Improving the Planet Render Performance

September 8, 2021

While the rendering generally worked, it was really slow when zooming far out on the Planet view:

I therefore invested some time into optimizing the rendering.

Avoid deep render node nesting

The render node type looks like this:

pub enum Node {

While there’s multiple Node types, only the BranchNode could be used to set a transformation matrix:

pub struct BranchNode {
    pub transformation: Option<Matrix4>,
    pub children: Vec<Node>,

So if a transformation was required, the node had to be ‘wrapped’ withing a BranchNode, requiring allocations due to children being a Vec.
This made the design of Node very clean and simple, but wasn’t efficient at all.
To avoid this, every Node that might require a transformation now also has one. This reduces the Node nesting and count of required allocations, improving the render performance.

Reworked resource fields

The resources were rendered by rendering the fitting Material in e.g. a 10x10 grid on the tile, basically causing 100 render instructions / nodes.
I added dedicated images to my assets for the resource fields instead, dropping that number to 1 per field.

Node caching

Since my rework to the usage of render Nodes instead of rendering directly, on every frame the tree of Nodes was rebuilt.
In case of the Planet this is very expensive due to the large number of Nodes.
I changed the signature of the Planet’s node function from:

pub fn render_node(&self) -> Node


pub fn render_node(&self) -> Rc<Node>  

with Rc being Rust’s reference counting smart pointer (similar to C++’s shared_ptr).
This way it’s cheap to create copies of the returned Node since it’s now just a pointer.
I then stored one copy as member, returning that in case it’s still valid for the view.
To often be able to just return a copy instead of constructing a new Node tree, I am now drawing a larger area than what’s actually visible.

 +---------------+ <- generating nodes for this area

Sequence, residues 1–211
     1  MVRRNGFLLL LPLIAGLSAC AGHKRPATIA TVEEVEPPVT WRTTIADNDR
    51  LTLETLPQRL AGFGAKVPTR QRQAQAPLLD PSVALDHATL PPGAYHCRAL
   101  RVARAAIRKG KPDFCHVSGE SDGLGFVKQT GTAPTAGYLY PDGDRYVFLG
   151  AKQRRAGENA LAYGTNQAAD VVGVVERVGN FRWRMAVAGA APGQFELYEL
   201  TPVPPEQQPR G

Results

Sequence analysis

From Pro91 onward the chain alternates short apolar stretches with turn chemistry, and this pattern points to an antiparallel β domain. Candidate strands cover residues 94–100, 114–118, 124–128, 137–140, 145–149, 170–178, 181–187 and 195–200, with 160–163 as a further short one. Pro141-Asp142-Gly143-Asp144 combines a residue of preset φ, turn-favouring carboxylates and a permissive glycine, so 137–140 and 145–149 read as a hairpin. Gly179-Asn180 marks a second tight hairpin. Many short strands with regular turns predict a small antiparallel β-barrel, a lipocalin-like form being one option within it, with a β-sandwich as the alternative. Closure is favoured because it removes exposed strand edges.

|               |
 |    +----+     |
 |    |    | <---|--- what's actually visible
 |    +----+     |
 |               |

This way as long as the visible area still fits into the previous ‘overdraw area’, the previous copy can be returned.
It’s only required to update offset and size values for the sub-view.

 |               |
 |+----+         |
 ||    |         |
 |+----+         |
 |               |

Texture atlas

I started using a single texture atlas for all the textures instead of having them separately managed and uploaded to the GPU.
This way I am able to use the same shader program and texture for all Nodes instead of causing context switches.
It’s only required to produce a single image/texture that contains all the seperate images and calculate and store the individual texture coordinates accordingly.
This also made it possible to define all of the visible Tiles in a new, single Tilemap Node. Greatly reducing the number of Nodes being constructed and rendered.

Dynamic visibility

Since it doesn’t make sense to for example render the resource fields when zoomed all the way out, I started hiding certain Nodes depending on zoom level.

Dynamic tile resolution

When zooming out, more and more tiles were generated, since the visible area grew larger and larger.
Since the screen resolution remains the same, this is very wasteful.
I therefore made the resolution / step with which Tiles are generated dynamic to produce approximately the same number of Tiles no matter the resolution.

Structure presence

Instead of rendering Structures at all zoom levels, I now highlight Tiles that contain a Structure.
This gives a better overview when zoomed out and is also very benefitial to the render performance.


The comparison (note that the videos only have 10 FPS, the difference is bigger than visible here):